Peace,

Fr. Jeff

5th Sunday of Easter, Year B

5th Sunday of Easter, Year B
Acts 9:26-31
Psalm 22:26-27, 29, 30, 31-32 (26a)
1 John 3:18-24
John 15:1-8
May 2, 2021

The story told in the Acts of the Apostles is the story of the early church.  Acts tells us how “the church throughout all Judea, Galilee, and Samaria was at peace.  It was being built up and walked in fear of the Lord and with the consolation of the Holy Spirit it grew in numbers.”   

The church was already facing persecution and resistance in some places yet it was growing by the Holy Spirit.

The Holy Spirit was at work through Paul who “had spoken out boldly in the name of Jesus.”  Yet, it was not only through Paul.  When Barnabas heard of Paul, he brought him to the Apostles.  It was one church working with individuals working together.

We are part of this church.  Thus, the story told in the Acts of the Apostles is not just the story of the early church 2,000 years ago.  It is our story.

We are to belong to the truth, the truth that Jesus brings.  If we belong to the truth, we will “keep his commandments and do what pleases him.” 

It is in keeping his commandments that we “remain in him” and “he remains in us.” 

Is this not what we seek when we come to church, to have Jesus remain in us?

We need to be connected to God.  We are created to know God, to be loved by God, and to love God with all our heart, mind, and soul.

To help us understand how we need him, Jesus uses the image of the vine.  He is “the true vine.”  His Father “is the vine grower” and we “are the branches.” 

What happens if the branches are cutoff from the vine?

They die.

The branches cannot exist without the nutrients and water they receive through the vine.  The branches cannot bear fruit on their own.  The branches need to remain connected to the vine.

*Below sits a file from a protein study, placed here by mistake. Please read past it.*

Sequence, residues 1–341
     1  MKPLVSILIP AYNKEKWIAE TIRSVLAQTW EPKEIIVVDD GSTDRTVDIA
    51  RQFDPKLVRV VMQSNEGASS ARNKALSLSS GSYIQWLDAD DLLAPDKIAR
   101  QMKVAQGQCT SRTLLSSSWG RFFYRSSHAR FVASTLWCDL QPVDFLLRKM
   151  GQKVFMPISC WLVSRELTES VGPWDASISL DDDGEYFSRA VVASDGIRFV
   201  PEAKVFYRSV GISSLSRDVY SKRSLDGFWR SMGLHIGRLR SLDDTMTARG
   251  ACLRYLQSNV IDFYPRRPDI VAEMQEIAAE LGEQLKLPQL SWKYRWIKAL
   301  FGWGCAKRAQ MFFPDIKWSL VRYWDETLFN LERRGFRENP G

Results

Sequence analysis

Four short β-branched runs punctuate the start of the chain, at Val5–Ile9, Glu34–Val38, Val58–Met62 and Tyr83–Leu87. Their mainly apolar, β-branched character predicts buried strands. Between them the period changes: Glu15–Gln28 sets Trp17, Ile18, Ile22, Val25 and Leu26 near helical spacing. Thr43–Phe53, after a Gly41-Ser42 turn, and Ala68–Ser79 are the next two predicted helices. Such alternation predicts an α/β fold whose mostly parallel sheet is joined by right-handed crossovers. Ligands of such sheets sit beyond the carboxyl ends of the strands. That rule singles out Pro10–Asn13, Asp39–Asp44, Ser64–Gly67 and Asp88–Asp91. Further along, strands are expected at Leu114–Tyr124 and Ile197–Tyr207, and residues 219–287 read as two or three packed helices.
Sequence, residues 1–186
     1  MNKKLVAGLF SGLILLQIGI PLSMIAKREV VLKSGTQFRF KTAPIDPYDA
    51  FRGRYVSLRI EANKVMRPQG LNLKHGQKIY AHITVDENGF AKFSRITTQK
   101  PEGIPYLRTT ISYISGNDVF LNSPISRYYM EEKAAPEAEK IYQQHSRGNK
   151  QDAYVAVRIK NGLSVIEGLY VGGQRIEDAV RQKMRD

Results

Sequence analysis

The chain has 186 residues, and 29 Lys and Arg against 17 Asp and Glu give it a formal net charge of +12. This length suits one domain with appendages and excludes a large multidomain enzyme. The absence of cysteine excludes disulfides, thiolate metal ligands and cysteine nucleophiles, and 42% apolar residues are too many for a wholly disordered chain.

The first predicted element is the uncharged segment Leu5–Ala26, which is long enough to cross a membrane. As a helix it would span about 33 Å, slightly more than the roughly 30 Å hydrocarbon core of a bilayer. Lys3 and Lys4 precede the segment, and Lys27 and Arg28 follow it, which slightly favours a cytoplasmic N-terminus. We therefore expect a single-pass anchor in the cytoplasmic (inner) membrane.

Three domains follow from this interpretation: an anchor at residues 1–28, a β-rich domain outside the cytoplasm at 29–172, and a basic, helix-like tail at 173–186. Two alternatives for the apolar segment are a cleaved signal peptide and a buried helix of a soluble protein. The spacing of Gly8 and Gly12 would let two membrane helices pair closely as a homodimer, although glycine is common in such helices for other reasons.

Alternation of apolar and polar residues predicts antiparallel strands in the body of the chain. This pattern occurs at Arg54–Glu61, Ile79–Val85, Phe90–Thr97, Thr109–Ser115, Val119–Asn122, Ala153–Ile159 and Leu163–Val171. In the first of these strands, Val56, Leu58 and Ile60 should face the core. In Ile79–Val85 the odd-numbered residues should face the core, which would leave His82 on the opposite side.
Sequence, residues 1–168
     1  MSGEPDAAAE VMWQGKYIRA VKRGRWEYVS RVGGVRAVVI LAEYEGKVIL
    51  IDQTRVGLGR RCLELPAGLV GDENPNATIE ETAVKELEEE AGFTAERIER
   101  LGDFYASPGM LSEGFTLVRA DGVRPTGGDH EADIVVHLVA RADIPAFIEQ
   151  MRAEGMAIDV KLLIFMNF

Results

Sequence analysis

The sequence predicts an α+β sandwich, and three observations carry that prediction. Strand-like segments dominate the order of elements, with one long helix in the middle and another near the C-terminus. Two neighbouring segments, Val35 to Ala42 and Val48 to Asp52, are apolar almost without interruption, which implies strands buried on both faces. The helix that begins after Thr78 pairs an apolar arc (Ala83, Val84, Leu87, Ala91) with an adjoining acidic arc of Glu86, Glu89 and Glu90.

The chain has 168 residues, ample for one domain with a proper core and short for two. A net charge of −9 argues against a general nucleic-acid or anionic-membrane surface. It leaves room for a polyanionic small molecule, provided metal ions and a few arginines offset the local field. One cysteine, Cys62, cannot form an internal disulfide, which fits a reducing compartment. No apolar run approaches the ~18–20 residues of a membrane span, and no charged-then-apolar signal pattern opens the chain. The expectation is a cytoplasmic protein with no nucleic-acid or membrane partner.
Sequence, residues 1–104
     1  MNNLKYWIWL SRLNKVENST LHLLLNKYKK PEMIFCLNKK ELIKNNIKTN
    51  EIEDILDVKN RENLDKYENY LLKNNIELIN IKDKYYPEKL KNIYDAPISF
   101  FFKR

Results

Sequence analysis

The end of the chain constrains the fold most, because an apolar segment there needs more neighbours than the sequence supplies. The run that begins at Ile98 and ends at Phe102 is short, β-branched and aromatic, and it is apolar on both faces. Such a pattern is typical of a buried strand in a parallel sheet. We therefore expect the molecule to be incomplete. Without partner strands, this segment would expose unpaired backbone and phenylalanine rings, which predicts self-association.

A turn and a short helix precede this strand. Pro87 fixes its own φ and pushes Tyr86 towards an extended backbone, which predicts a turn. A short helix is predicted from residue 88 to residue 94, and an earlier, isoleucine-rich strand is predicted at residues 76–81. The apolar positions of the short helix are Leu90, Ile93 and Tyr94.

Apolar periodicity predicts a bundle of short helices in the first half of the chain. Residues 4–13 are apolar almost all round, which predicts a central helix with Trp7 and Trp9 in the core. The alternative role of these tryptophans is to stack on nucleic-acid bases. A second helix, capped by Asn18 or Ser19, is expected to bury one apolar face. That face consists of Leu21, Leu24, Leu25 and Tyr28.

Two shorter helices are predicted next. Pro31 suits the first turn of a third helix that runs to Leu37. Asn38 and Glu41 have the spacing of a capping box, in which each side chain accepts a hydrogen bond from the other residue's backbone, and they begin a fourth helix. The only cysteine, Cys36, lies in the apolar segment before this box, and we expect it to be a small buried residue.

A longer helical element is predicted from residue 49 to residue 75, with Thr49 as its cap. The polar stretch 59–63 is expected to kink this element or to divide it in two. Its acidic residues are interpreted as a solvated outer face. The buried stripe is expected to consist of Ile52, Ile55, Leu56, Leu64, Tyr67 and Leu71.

We need to remain connected to Jesus.  How do we do this?

One way is through the Word, the Word we receive from God in the Bible.  The words we read in the Bible were written down between two and three thousand years ago but it is not an “old” word.  It is a living word that even today tells us the story of God’s love for his people and how we are to live.

This is why we read from the Bible at every Mass.  It is part of how we are to remain in him. 

How else do we remain in Jesus for, as Jesus said, “without me you can do nothing”?

We need the Eucharist. 

When we commit mortal sin, we break our relationship with God.  When we celebrate the Eucharist, we are celebrating the sacrifice of Jesus given his life for us on the Cross for the forgiveness of our sins.  We confess our sins in the Sacrament of Reconciliation to be worthy to receive the Eucharist.

What is it that we receive?  It is the Body and Blood of Jesus. 

We need the Body and Blood of Jesus. 

Do you appreciate what we celebrate and receive in the Eucharist?  Unfortunately, over time we sometimes take it for granted.  It is good for us to reflect on what the Eucharist is.

Today, we have seven children in our parish who will receive their First Communion.  To prepare for this day, they have been learning about the Sacraments of Penance and the Eucharist.

This is a very special day for them.  It is a day to be celebrated.  The children will be dressed up.  It is a day to celebrate.  In their Baptism, they are already children of God but they come to know Jesus in a new way in what they receive in the Eucharist.

As you come to Mass, do you think about what remaining in Jesus means to you?

As you come forth to receive Communion, do you think about what receiving Communion means for you?  It is not just bread and wine.  It has been transubstantiated into the Body and Blood of Jesus.  It is Jesus.

Think about the way we receive Jesus.  We do not reach into the ciborium to take Jesus for ourselves like we would popcorn out of a bowl. 

No, we receive Jesus by holding out our hands, one hand over the over to make a throne to receive Jesus as our king.  Then, we place the Eucharist in our mouth so that we may become what we eat, that we may become the Body of Christ.

And so we remain in Jesus and He remains in us.